We could be on the verge of seeing a whole new wave of foreclosures, dislocating hundreds of thousands of distressed homeowners across the country and further roiling the housing market.
Following the “robo-signing” fiasco late last year, the number of foreclosures has been lower than it might have been, but unfortunately, that reduction in numbers has been deceiving. It has only served to delay the inevitable. A recent ruling by a New Jersey judge could be one of the first breaks in the logjam.
The judge ruled that several major mortgage servicers in New Jersey have now shown that their processes are improved, so they are free to resume uncontested home foreclosures. The New Jersey Supreme Court had ordered a review of the servicers’ procedures last December, in the wake of the robo-signing controversy. These servicers previously accounted for half of the New Jersey foreclosure filings, so you can imagine how the number of foreclosures will skyrocket. With nine months of bottled-up foreclosure pressure on these companies, it won’t be pretty.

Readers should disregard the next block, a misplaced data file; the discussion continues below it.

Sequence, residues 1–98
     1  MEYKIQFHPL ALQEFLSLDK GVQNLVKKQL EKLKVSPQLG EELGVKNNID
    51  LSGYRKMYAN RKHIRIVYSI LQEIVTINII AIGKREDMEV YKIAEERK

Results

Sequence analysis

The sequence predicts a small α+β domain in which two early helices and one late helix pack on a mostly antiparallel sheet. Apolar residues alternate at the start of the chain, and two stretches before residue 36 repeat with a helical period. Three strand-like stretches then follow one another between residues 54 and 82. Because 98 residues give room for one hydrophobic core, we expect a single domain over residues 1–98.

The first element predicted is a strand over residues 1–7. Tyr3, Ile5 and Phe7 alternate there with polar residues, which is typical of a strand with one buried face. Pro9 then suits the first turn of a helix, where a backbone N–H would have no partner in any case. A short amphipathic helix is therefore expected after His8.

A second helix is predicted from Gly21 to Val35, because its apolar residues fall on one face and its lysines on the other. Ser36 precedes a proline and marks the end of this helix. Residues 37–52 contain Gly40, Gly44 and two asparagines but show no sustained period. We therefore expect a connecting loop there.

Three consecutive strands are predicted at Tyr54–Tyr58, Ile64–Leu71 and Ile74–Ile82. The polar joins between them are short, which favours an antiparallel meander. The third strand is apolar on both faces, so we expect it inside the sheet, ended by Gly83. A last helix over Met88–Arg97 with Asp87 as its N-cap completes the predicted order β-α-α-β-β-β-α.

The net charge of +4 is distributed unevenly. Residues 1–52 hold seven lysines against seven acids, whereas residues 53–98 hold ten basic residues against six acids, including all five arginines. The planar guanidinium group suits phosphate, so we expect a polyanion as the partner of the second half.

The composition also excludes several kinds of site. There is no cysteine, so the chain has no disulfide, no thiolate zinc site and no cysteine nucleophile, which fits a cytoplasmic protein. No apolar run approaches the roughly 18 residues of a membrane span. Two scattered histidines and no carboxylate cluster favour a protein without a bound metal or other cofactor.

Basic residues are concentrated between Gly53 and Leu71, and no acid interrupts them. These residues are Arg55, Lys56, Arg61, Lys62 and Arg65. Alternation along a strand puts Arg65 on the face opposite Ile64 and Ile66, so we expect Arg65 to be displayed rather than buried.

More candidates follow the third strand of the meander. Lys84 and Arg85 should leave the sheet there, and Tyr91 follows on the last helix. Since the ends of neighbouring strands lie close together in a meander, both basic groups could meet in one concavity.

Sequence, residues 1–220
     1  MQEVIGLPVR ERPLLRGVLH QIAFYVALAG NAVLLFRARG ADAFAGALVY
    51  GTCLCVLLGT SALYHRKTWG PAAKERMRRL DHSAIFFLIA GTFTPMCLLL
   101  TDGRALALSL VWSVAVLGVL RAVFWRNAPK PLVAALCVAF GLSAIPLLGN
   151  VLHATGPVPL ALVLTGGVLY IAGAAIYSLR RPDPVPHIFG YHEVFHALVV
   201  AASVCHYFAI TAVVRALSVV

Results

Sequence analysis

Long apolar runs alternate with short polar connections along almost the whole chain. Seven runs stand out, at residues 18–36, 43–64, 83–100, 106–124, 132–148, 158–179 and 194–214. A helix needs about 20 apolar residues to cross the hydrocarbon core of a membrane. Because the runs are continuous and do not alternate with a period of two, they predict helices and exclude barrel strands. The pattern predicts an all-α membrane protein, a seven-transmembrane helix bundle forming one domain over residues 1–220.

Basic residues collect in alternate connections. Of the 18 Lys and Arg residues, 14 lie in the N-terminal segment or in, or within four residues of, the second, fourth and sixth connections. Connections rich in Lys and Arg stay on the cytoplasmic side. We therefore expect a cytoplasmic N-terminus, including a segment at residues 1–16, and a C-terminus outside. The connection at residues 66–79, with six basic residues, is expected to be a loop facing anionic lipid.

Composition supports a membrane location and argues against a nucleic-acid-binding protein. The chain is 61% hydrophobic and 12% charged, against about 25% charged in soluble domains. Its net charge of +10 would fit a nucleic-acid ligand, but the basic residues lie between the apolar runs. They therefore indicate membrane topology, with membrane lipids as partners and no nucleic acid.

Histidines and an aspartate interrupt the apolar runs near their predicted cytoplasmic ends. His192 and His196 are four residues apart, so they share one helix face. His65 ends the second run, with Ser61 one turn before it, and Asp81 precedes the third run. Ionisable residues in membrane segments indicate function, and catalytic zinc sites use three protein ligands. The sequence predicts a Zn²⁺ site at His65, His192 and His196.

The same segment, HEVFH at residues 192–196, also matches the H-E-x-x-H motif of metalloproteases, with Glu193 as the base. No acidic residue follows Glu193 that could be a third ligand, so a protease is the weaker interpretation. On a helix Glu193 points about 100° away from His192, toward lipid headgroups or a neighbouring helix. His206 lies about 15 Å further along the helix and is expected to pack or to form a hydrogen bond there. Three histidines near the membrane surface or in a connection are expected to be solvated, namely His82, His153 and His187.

As far as Texas is concerned, we talked to a senior bank executive at the Dallas Housing Summit earlier this month, and he sounded a similar note. His bank, he said, has a big backlog of foreclosures that have been held back by the courts, and has been working to fix its processes and prove to the courts they’re valid again. He expects the go-ahead very soon, and then this major bank will ramp up its foreclosure efforts.
We anticipated this earlier this summer, writing here about some of the reasons behind a drop in North Texas foreclosures. But what does it mean to homeowners? Well, if you’re a distressed homeowner, behind in your payments, and you’re wondering why the bank hasn’t taken action against you, brace yourself. They’re getting ready to.
The best strategy is to be proactive and move to begin a short sale of your house now. Beat the bank to the punch, and when they see you’re serious about resolving the problem, you are likely to be spared from foreclosure. Once the wave of foreclosures hits, it may be too late, and the banks’ take-no-prisoners approach could hurt a lot of people.
By getting your house on the market now and working with your lender’s short sale department, you can be ahead of the curve. Get the place sold, and you can walk away without owing money and with a far less damaging credit history.
Sadly, a wave of foreclosures will have a damping effect on home prices and values across the board, so everyone will be affected. It may all be necessary to work out the housing market’s problems once and for all, but it won’t be pleasant.